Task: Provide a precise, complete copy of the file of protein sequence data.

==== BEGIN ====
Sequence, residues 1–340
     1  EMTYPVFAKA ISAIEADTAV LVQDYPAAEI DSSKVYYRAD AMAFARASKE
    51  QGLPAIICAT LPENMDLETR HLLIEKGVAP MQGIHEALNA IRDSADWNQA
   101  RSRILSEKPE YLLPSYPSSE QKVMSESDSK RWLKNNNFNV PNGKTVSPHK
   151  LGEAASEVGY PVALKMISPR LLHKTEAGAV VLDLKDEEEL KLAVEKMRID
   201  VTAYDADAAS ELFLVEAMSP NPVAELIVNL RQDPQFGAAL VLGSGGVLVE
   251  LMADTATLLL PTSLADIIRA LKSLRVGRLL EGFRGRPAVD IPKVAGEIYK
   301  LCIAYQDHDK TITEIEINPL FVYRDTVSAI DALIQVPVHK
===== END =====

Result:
Sequence, residues 1–340
     1  EMTYPVFAKA ISAIEADTAV LVQDYPAAEI DSSKVYYRAD AMAFARASKE
    51  QGLPAIICAT LPENMDLETR HLLIEKGVAP MQGIHEALNA IRDSADWNQA
   101  RSRILSEKPE YLLPSYPSSE QKVMSESDSK RWLKNNNFNV PNGKTVSPHK
   151  LGEAASEVGY PVALKMISPR LLHKTEAGAV VLDLKDEEEL KLAVEKMRID
   201  VTAYDADAAS ELFLVEAMSP NPVAELIVNL RQDPQFGAAL VLGSGGVLVE
   251  LMADTATLLL PTSLADIIRA LKSLRVGRLL EGFRGRPAVD IPKVAGEIYK
   301  LCIAYQDHDK TITEIEINPL FVYRDTVSAI DALIQVPVHK